City Council members discuss teen programs, police recruitment ahead of summertime

“It’s gonna be 85 degrees,” said Katherine Gilmore-Richardson. “If we don’t have it together, you will get what you always have."

Philadelphia City Council chamber as seen from above.

File photo: Philadelphia City Council Chamber. (Emma Lee/WHYY)

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As city leaders consider a spending plan for the fiscal year 2024, some are pressing the Philadelphia Police Department and the Managing Director’s Office for youth programming, police recruitment, neighborhood cleanup, and other strategies they hope will reduce crime and boost feelings of safety this summer.

Tuesday’s hearing allowed council members to ask department representatives questions ahead of the 2024 fiscal year budget vote, which will happen in June.

Philadelphia Police Commissioner Danielle Outlaw did not attend the hearing. The department confirmed that she is out of work after sustaining a back injury in a vehicle crash in late March, and hopes to return in approximately two weeks.

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In March, Mayor Jim Kenney released his $6.1 billion budget proposal, announcing a proposed $233 million in anti-violence grant spending for community organizations, up from $208 million in the last budget.

The city began distributing small grants through the Targeted Community Investment Grant program in 2019 and larger grants through the Community Expansion Grant program in 2021. Some grant recipients have said that the funding distribution was delayed and onerous. Former Councilmember Allan Domb, now a mayoral candidate, has called for a formal spending audit and questioned whether it’s reducing violence.

Mary Horseman, deputy managing director for health and human services, said at the hearing that the city is awaiting an independent evaluation, but believes it has an idea of what a successful prevention program for youth looks like.

“We know things that are helping to provide protective factors to youth — that’s active engagement on activities they care about, whether that’s creative endeavors or sports activities,” said Horseman. “Being able to connect them to adults who are caring, who will help them work through challenges, who will help them think through if they’re experiencing something that they’re struggling with to help them deescalate that situation.”

Young people were the focus of much of Tuesday’s discussion. Several council members referenced an incident last week in which 350 to 400 teens swarmed Center City, and an officer was injured while responding.

Councilmember-At-Large Katherine Gilmore-Richardson cautioned that disorderly conduct is likely to continue as the weather gets warmer.

“It’s gonna be 85 degrees,” she said. “If we don’t have it together, you will get what you always have, which is what we saw last week and the week before. So we really have to be on top of it.”

Last year, Gilmore-Richardson successfully pushed for an earlier curfew for older teens and the opening of several Community Evening Resource Centers for teens in violation or teens who just want to hang out.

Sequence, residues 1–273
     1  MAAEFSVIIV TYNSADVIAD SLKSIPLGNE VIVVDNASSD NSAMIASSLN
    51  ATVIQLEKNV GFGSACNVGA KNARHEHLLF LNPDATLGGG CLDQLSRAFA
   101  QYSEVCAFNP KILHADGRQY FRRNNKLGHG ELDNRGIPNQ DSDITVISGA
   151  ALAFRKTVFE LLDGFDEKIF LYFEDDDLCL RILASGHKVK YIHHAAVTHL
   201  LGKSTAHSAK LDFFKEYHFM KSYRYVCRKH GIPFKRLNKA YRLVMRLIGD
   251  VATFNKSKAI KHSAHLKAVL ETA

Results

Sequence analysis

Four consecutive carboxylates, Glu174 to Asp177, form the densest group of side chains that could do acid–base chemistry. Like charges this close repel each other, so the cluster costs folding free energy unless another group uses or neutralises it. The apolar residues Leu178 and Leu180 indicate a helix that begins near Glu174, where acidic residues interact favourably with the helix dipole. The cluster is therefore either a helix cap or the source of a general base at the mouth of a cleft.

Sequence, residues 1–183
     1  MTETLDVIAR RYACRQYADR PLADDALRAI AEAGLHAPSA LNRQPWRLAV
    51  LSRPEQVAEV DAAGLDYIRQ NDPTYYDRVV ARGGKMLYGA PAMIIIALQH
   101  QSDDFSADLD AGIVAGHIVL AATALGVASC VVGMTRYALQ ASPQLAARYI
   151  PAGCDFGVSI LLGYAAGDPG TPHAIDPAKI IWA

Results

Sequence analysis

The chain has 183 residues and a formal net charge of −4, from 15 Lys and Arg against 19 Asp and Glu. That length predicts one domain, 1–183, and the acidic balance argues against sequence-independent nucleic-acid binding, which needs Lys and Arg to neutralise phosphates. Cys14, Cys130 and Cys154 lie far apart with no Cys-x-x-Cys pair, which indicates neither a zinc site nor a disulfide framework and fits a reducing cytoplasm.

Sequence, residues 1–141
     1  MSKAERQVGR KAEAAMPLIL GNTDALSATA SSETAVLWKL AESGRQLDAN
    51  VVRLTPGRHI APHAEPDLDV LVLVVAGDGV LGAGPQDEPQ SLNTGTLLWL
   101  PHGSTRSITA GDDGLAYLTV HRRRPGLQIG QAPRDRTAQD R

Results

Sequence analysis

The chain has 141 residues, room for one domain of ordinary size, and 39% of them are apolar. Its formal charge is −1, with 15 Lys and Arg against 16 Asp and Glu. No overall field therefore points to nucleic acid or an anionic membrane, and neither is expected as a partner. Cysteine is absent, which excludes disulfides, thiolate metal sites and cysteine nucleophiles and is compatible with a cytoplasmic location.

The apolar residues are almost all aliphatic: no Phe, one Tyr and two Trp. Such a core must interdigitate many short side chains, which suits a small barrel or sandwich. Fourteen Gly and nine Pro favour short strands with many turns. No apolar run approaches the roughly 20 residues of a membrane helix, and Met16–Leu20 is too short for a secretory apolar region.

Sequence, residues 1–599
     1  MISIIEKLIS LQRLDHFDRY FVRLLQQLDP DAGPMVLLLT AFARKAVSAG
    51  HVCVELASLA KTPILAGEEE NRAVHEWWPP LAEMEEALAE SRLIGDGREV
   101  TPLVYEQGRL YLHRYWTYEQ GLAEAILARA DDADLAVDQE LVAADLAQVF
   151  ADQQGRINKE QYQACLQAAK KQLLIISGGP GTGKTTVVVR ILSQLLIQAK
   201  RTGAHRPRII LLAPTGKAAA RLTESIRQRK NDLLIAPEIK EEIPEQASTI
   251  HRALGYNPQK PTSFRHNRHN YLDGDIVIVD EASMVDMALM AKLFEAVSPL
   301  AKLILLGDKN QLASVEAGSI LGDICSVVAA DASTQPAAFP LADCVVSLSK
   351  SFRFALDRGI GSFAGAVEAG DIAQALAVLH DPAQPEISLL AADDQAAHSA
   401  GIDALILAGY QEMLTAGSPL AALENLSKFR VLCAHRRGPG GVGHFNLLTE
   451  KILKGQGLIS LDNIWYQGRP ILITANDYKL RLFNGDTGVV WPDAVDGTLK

Research from other cities has shown curfews don’t reduce crime, and Philly teens interviewed by Billy Penn doubted it would have an impact.

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Council members also called for a summer job fair for teens, and a resource directory, accessible via QR code, to map out all of the available summer youth programs.

Craig Terry, 24, said he’s concerned that policy discussions are happening without taking young peoples’ ideas and feelings into account. He recently wrote an op-ed about that, as part of a Drexel University internship program that encourages youth to design their own approaches to public safety.

“Some educational summer programs are very structured, which is good for achieving improvements around grades and academic prowess, but some young people may leave bored,” he said.

Terry suggested that conversations with young people could take place in recreation centers or other safe gathering places.

“To ask young people to sacrifice their time, it has to be worth it for them and benefit them. It has to be informed by them,” he said. “There should be wiggle room to be informed by the people you’re trying to interact with.”

After a discussion about recreation center improvements, Councilmember Jamie Gauthier asked the Managing Director’s Office about block parties and other community events this summer.

She said in her district, block party applications are sometimes denied due to concerns about safety. At the end of last summer, a BillyPenn analysis found denials happen more often in North and West Philly

“Block parties are a time-honored tradition that makes Philly, Philly,” Gauthier said. “I know we’re all very concerned about gun violence, but the practice of denying blocks block parties seems very counterproductive to me … Having blocks where people are connecting with one another and having fun and getting to know each other as neighbors actually makes us more safe.”

Police recruitment was another major theme at the hearing. Kenney’s proposal includes $1 million in police recruitment funding, to be used to bring more officers of color onto the force over the next five years, he said when introducing the plan.

Deputy Commissioner Krista Dahl-Campbell said at the hearing that the recruitment unit has been making more frequent visits to historically Black colleges, and raising salary offerings to match other large cities.

Other policing issues that came up included the drug crisis in Kensington, the city’s low homicide clearance rate, and the use of non-union employees to fill certain administrative jobs in the department, with the goal of freeing up officers.

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